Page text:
The Court of Appeal however ruled that technical faults are inherent in the normal activity of an airline and therefore do not constitute “exceptional circumstances”. Mr Huzar was awarded compensation of £526.
This may provide you with some comfort when faced with that all too familiar flashing notice board indicating FLIGHT DELAYED, now where did I put my passport....
Happy New Year!
How many of you have made a New Year’s Resolution? How many have already broken it? Some of us may try to lose weight, join a gym, do more charitable work or give up smoking.
Now is a good time to look at your personal affairs and consider making some important resolutions that could make a big impact on your life in the coming year.
1. Make a Will – A Will is one of those things we keep meaning to make but never quite get round to. Making a Will is not difficult or expensive and it is the only way that you can ensure that your loved ones are provided for after your death in the way that you want them to be. If you have already made a Will, review it. Make sure it still reflects your wishes and your current family circumstances.
2. Consider a Lasting Power of Attorney – there are currently 800,000 people with dementia in the UK and the number is steadily increasing. By making a Lasting Power of Attorney now, you can choose who you would like to make important decisions about your care, medical treatment and money, if in the future you are unable to make your own decisions, giving peace of mind both to you and your family.
3. Review your business relationships – if you are in Partnership do you have a Partnership Agreement setting out your responsibilities, shares in the profit and losses of the business and what happens if you want to end the business? Review your Terms and Conditions. Do they define what you have agreed to supply and more importantly what you haven’t agreed to supply? Is the price clear? Is the extent of your responsibility clearly defined? Taking these simple steps now could help you avoid a lengthy and costly dispute in the future.
4. Review your personal relationships – sadly January is the busiest month of the year for divorce lawyers. If you have come to the realisation that there are cracks in your relationship which simply cannot be repaired, then get some professional advice as to the options open to you. If you are considering moving in with a partner, sit down and discuss with your partner the basis on which you will be living together, who owns the property and what should happen if you are to split up. Get your agreement recorded in writing. If you are taking the plunge of marriage, consider whether a Pre-Nuptial Agreement is a sensible step.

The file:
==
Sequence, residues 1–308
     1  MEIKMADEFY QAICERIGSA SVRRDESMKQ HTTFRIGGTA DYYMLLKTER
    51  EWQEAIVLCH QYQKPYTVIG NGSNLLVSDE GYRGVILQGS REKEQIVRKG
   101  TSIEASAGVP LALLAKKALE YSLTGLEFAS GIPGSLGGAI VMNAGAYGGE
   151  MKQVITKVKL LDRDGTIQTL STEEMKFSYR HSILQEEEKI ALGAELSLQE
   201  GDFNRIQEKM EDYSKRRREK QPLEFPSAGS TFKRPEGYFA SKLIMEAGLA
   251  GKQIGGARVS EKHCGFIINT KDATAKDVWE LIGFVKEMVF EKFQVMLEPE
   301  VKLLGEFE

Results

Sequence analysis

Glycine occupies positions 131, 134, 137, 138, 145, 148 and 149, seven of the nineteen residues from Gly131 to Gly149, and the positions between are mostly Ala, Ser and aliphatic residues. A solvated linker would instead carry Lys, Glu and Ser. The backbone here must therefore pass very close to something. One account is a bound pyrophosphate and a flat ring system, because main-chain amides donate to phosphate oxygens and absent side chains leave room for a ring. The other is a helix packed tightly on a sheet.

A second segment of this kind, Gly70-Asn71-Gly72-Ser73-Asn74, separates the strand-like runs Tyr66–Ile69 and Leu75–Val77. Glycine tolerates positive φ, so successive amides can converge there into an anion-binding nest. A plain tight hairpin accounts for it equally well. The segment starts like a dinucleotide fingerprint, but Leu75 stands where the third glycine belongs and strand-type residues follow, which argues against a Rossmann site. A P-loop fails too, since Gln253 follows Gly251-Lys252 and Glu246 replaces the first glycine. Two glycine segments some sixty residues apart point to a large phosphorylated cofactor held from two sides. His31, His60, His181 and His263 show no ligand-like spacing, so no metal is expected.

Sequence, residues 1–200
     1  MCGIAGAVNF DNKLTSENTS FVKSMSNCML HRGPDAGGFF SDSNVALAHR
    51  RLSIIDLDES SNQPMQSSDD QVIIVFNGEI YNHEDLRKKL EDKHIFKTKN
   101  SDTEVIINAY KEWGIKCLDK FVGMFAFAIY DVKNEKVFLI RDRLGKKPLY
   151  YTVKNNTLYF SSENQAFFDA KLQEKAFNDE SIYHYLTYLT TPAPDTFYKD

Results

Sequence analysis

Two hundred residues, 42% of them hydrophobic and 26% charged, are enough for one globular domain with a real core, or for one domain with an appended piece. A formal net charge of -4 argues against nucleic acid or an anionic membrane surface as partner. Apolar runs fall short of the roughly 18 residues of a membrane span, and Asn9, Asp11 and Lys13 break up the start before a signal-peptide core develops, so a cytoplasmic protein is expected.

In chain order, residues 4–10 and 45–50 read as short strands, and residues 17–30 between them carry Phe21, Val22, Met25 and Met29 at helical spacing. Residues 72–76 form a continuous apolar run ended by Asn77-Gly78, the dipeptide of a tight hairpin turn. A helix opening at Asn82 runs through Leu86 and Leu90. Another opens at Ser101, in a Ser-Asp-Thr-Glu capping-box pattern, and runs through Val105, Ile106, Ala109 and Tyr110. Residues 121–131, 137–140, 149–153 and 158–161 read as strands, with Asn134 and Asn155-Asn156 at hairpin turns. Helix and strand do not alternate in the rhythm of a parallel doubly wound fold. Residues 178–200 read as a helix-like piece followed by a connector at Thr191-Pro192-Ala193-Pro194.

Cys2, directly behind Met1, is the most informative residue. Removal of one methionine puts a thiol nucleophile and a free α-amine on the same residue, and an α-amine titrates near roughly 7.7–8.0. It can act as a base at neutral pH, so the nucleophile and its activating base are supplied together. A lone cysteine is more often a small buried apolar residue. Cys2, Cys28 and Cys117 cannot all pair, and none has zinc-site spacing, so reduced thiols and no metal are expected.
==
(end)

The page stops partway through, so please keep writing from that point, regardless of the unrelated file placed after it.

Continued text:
Wishing you all a happy, peaceful and prosperous 2014.
HELP! I NEED A NOTARY AND DON’T KNOW WHERE TO START
Right! You’re about to do something that involves a foreign country, whether it be moving there, working there, or dealing with assets there. You’ve had a document or a set of instructions from the relevant authority and often there will be an instruction to have a notary public sign or witness the document. The chances are that you have rarely heard of a notary public before this point and are therefore not sure where to begin.
A notary public, generally speaking, is a legally trained individual who has the role of attesting, authenticating, and certifying documents under their seal and signature for use anywhere in the world.
For instance, if you have a property in Florida that needs to be sold and you cannot go to Florida to sign the papers, the relevant papers can be signed in England or Wales before the notary. If you are starting a job in China, the authorities in China will need sight of your qualification certificates but will only verify them as authentic if a notary has certified them as authentic.
And it gets better. The receiving country might also want something called an ‘apostille’ attached to the notary’s certificate. The apostille is a small certificate that can be attached to a UK document enabling that document to be recognised outside of the UK. Most European countries require this.